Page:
It seems inappropriate to consider the “manpower crisis” only in terms of numbers of social workers, psychiatrists, psychologists, and nurses. Rather, it seems more important to discuss the use which is made of these professions in the structure of mental health programs as they function today and as they may function in the future. The program of the National Institute of Mental Health has been oriented from the first to the problem of increasing the quality and the quantity of trained personnel in the United States. The purpose of the Mental Health Act of 1946 was explicit on this point. In providing funds for increased support for training, the extension of research, and for expansion of services throughout the United States, the major decisions have been based on the central objective of ultimate provision of complete coverage for the total population in terms of mental health diagnostic and treatment facilities.Continue Reading →
The essence of the WPA program is cooperation. It is ready with the workers to help public-spirited citizens make their communities better places to live in. People in this country do not need to take their desires for better sanitation out in merely wishing. They can help turn the hopes and dreams of sanitary engineers into realities. They do not need merely to wish that it were unnecessary for thousands of cases of serious illness to remain untreated. They can and should see that medical and nursing services are extended to a larger number of people who cannot pay for them.
The National Health Survey, one of our greatest WPA projects sponsored by the United States Public Health Service, revealed that every year some 2 million cases of serious illness go entirely without medical treatment. That is why the WPA maintains and assists clinics in most of our cities. That is why it sends nurses into the homes of the poor. That is why it builds hospitals and provides medical and dental treatment for people who could not receive such treatment otherwise.Continue Reading →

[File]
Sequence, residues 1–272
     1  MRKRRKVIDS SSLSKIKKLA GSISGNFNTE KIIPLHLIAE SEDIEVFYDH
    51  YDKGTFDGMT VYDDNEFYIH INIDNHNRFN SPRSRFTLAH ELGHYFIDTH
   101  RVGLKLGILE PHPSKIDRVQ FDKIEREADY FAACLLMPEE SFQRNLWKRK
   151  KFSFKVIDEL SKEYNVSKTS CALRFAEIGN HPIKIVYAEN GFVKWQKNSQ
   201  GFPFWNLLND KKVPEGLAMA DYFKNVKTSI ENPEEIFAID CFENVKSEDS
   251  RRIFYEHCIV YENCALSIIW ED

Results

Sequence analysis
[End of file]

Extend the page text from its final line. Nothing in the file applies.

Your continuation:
But all children, it seems to me, have a right to food, shelter, and equal opportunity for education and an equal chance to come into the world healthy and get the care they need through their early years to keep them well and happy. And though one may not trust oneself to direct their lives, every mother should encourage them to self-confidence and should give them the feeling that whatever happens in life, there is a place where they can turn for understanding and help.
If you have this feeling about your own children, you should have it about all children, and for that reason I have always been interested in the problems of the children in our communities. Under the standards which we have set to guide us in the upbringing of our children, we used to be very individualistic, with, however, certain strongly marked influences such as those of the church, and group traditions in which we had grown up. For instance, in New England the customs of the Pilgrims shaped the child’s education, just as later the Quakers had a great deal to do with the character and upbringing of the young Philadelphians.Continue Reading →
When sometimes I hear it said that in my husband’s time we started something dreadful, something which they called “creeping socialism,” I wonder whether instead we didn’t really face the fact that a democracy must meet the needs of its people, and whether what we did was not actually to save democracy, to save free enterprise, to keep for ourselves as much freedom as we possibly could. Had we not met the needs of the people, we might have waked up and found ourselves not just in creeping socialism, but perhaps going actually to the far extremes of either fascism or communism, because we could not find a way to meet the needs of the people.
As I have been around the world it has seemed to me that we in this country, when we talk of capitalism or free enterprise, should explain what we mean, because there are many areas of the world in which it is not at all understood what we actually mean when we talk of our own capitalism, of our own development in the past thirty years or forty years, let us say.Continue Reading →
Since Flint lives and has its being through General Motors the staggered production-plan, by which fewer families will get work but they have more steady employment, will it is generally agreed make less high peaks in relief but by the same token prevent the minimum drops of last Spring and Summer here. The tentative production schedules of Buick and Chevrolet, on which Fisher Body and accessory companies depend, are based on “reasonably optimistic” plans. Those two companies expect to employ more than 8,000 less than they did last year at their peaks. Chevrolet, for instance, went up to between 18 and 19,000 last Spring. While now only at 3,900 it expects by the middle of December to have 10,000 employed. By February 1 it expects to have 13,000 employed. It will continue, according to present plans on that schedule.Continue Reading →